Also provides nice debug kit:



Can be especially good for identifying those bottleneck situations. If the database is slow to respond that should show as long bars at those locations. I wonder if this shows function calls, it might. So if you program and design the internal structures well, then you can immediately see which function has sub-par performance.

Size of /48 network of IPv6 addresses

Quick discussion sparked because IPv4 are running out like today and decided to do a little calculation how large my /48 pool of networks actually is.

/48 is 65 536 networks each consisting of 18 446 744 073 709 551 616 addresses. So in total that is over 100 000 billion million addresses.

My apartment is 42m² and oxygen content in atmospheric air at sea level is approximately 21%. So the oxygen volume with 2.7m room height is (42m² x 2.7m) / 100% x 21% ≅ 23m³

23m³ is 23 000 liters and liter of oxygen at 0°C weighs 1.429 grams so 23m³ weighs 32.87kg and because mole of oxygen weighs 16 grams we have 2 054 moles of oxygen.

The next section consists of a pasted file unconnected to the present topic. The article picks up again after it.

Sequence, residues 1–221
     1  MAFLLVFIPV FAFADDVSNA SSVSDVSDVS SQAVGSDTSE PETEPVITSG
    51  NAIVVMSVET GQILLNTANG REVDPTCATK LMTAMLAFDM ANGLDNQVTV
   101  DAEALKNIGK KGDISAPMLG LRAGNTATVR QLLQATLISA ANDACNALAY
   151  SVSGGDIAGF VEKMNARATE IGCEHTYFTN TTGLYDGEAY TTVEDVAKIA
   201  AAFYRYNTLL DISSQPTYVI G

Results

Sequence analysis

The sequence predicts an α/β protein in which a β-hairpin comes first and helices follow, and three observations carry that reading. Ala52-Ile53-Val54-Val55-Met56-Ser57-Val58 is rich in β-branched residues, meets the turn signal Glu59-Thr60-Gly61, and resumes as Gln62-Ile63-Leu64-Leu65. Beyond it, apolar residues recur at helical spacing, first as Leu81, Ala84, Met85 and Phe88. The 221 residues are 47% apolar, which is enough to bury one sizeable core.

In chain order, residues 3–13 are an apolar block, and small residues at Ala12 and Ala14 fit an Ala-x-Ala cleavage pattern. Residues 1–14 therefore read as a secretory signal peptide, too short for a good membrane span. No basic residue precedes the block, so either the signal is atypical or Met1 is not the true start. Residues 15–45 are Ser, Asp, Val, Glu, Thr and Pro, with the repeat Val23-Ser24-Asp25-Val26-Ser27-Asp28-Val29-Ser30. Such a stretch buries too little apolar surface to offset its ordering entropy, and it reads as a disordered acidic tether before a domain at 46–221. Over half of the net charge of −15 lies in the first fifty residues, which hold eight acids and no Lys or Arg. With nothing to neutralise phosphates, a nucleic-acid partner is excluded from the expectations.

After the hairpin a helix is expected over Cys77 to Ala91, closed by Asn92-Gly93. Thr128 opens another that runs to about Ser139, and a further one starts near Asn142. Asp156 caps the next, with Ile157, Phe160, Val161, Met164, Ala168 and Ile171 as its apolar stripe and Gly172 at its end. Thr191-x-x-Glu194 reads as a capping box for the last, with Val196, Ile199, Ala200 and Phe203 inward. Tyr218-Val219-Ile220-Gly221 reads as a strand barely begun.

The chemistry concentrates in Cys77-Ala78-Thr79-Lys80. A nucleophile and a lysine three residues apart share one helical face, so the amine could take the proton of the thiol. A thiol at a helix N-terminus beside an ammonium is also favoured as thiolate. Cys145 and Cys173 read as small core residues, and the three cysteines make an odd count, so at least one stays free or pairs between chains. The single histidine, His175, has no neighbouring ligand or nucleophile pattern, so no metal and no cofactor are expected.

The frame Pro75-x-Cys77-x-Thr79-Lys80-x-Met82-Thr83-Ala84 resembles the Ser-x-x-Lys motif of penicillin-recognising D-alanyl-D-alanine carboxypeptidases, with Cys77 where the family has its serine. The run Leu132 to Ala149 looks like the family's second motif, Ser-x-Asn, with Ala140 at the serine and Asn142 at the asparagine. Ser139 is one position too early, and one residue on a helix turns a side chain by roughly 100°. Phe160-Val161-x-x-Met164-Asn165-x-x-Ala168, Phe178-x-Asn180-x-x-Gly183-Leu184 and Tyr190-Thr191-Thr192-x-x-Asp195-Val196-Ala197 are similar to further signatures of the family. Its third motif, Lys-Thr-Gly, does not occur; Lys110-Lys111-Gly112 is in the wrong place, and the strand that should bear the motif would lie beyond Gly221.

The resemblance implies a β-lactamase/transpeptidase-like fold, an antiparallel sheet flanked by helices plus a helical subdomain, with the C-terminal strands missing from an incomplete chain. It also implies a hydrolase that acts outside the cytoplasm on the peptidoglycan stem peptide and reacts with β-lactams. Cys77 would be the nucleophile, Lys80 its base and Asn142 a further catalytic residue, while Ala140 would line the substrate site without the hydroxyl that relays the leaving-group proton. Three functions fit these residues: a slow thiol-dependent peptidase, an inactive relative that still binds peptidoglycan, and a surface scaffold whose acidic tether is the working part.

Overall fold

2 054 moles is 6.022 x 10^23 atoms, roughly 1 236 918 800 000 000 000 000 000 000.

Sadly I have only 1 208 925 819 614 629 174 706 176 IPv6 addresses so 1 023 atoms must share one address sad

Edit: calculations may be incorrect because oxygen of course does not appear as free oxygen atoms but molecules of two bonded atoms in form of O2.

The another server

I got three servers one of which is running 24 hours a day. That’s my main server which mainly does routing and all the basic infrastructure. It is used to test all sorts of things mainly network related. Lately of course IPv6 and SixXS.